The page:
are imbalanced (or a dual-doäha prak^iti before
10 a.m.). Sometimes one may feel the pulse under
one or two fingers strongly and yet feel a mild pulse
under the second or third finger. The fainter pulses
suggest a slight imbalance of the corresponding
For example, a pulse is first felt under the index
finger and then a milder pulse is felt under the
middle finger. This shows a main Váyu imbalance,
with a secondary Pitta disorder. If the pulse is felt
under all three fingers (either strongly or mildly),
then all the doßhas are imbalanced.
Pulse quality, position, and rate are the three
best pulse methods to decide one’s doßha.
After 10:00 a.m. one only learns the vik^iti
(current imbalance or disease) from both the
quality and position of the pulse -
or must take the deepest level pulse
(i.e. occluding the pulse, then gradually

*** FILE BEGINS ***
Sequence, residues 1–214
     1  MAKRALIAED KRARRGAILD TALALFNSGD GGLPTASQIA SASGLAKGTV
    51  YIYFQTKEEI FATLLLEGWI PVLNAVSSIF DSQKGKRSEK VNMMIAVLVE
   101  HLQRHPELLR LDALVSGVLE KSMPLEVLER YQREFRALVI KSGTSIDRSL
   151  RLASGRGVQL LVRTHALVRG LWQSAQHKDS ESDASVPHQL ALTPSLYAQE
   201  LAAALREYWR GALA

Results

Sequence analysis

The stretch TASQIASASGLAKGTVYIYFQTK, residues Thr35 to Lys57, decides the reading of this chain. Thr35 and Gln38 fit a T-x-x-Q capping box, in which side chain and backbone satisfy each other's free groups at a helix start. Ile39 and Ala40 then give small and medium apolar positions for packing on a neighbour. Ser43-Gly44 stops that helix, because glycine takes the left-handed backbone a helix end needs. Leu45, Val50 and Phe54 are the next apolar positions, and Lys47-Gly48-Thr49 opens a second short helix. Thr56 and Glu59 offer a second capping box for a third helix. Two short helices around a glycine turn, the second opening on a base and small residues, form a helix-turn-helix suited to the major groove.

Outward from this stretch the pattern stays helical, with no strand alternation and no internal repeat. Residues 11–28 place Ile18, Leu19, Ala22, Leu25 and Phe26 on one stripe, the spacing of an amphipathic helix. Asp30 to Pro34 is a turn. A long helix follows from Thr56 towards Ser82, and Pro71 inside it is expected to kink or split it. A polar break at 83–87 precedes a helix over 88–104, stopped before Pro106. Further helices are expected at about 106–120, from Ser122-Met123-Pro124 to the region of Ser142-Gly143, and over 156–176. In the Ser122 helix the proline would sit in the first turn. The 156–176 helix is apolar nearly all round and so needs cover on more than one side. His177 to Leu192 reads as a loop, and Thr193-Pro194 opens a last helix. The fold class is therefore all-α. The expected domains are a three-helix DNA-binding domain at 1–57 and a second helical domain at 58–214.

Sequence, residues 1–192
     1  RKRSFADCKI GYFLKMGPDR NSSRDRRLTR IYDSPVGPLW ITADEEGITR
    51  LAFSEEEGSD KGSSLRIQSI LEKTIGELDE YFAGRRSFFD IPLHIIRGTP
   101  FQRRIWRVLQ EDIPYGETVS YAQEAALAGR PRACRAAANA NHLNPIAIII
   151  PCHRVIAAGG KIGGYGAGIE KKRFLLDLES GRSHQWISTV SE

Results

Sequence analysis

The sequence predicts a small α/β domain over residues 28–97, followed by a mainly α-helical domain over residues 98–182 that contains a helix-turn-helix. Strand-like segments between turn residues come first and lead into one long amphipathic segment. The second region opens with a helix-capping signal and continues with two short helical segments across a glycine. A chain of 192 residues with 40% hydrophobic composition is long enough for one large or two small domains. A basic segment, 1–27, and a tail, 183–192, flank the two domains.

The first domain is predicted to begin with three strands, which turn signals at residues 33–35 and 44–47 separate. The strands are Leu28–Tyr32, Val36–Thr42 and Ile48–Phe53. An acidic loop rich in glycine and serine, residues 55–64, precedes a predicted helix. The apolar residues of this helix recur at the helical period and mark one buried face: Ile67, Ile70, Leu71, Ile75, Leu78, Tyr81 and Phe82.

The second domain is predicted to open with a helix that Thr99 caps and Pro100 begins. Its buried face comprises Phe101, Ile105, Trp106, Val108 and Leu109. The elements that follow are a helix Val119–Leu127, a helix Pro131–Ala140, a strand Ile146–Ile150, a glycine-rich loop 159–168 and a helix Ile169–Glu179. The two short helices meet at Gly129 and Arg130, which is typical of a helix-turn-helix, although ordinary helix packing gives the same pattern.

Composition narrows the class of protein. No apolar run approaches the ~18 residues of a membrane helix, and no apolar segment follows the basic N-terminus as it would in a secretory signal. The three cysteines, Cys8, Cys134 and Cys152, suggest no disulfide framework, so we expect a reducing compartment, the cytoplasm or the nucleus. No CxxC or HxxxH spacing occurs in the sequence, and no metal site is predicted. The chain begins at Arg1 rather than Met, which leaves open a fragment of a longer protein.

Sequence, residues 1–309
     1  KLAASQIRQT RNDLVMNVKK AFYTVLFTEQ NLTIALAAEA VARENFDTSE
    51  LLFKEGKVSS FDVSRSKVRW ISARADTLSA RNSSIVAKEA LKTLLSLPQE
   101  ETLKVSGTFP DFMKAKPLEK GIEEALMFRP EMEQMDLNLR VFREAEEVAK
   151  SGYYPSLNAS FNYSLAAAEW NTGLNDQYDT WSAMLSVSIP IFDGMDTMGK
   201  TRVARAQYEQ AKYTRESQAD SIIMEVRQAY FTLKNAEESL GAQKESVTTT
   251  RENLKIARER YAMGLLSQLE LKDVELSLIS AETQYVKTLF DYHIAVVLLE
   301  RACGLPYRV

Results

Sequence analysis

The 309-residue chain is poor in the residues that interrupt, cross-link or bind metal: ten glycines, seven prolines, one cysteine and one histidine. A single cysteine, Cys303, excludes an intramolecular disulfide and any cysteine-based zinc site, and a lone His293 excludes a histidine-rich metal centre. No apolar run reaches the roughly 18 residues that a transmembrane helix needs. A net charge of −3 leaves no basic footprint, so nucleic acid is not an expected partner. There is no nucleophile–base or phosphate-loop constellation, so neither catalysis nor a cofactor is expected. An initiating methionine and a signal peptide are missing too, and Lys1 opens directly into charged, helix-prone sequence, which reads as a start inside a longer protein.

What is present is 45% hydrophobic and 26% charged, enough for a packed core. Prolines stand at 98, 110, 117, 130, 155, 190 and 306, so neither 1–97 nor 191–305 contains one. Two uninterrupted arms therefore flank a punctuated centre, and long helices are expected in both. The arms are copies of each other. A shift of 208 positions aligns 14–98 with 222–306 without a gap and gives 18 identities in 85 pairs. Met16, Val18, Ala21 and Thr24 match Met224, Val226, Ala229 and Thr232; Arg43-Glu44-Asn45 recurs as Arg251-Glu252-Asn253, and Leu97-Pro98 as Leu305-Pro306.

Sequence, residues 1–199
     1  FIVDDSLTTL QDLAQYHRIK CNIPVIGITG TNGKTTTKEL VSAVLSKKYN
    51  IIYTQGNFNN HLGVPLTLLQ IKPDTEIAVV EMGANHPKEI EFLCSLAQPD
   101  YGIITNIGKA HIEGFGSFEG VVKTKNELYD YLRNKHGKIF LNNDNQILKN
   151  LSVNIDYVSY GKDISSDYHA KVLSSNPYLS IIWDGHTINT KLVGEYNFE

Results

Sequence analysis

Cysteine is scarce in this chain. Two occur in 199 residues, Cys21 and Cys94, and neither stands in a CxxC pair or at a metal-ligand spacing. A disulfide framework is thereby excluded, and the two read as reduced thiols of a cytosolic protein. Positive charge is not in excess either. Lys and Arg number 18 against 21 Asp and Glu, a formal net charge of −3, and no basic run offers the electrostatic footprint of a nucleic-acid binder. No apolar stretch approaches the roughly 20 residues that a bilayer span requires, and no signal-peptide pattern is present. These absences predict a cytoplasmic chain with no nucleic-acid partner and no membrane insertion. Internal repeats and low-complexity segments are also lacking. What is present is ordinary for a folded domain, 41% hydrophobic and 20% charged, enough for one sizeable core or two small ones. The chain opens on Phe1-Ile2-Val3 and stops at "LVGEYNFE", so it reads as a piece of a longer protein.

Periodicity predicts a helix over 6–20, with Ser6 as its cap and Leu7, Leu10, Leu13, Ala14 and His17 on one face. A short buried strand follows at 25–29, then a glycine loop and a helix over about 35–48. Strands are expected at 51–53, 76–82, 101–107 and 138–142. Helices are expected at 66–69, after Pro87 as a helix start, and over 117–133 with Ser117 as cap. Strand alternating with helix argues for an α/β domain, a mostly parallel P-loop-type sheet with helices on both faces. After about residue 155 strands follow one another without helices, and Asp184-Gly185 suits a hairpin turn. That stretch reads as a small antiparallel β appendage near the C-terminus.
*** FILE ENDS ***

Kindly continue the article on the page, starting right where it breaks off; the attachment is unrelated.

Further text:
releasing pressure until the pulse is first felt).
The practitioner takes the pulse from the thumb
side of the client (radial side), not reaching across
from the pinky side (ulnar side).
Pulse Qualities Signs for Health and Disease
Abscess- agitated, fiery
Acidity- crooked, shaky, wide, slippery, slow
Anemia- faint, felt at intervals
Anger- accelerated
Appetite (loss of)- steady, slow, hard, mild
Asthma- thin, steady, accelerated, hard, speedy,
intense, felt under all three fingers, hollow
Bile- hot
Boils- (hard) bilious
Colic- (pulse according to the doßhas) (with ab
dominal worms)- expanded
Convulsions- wide and rapid (hysterical)- crooked
and rapid
Constipation- frog, strong
Cough- trembling, thin, restless, slow, hot, swan
Deafness- quick and spreading
Diabetes- knotty
(mellitus)- thin
(insipidus)- Váyu: Crooked, thin.
Pitta: Fast.
Kapha: Slow
Diarrhea (chronic)- [after evacuations] gentle,
Váyu: Crooked.
Pitta: Fast.
Kapha: mild
(Váyu)- crooked
(Pitta)- restless
(Kapha)- cold, slow, swan-like
(with mucus)- wide, inert, dull
(two doßhas) both pulses, respectively
(caused by three doßhas) disappears, or is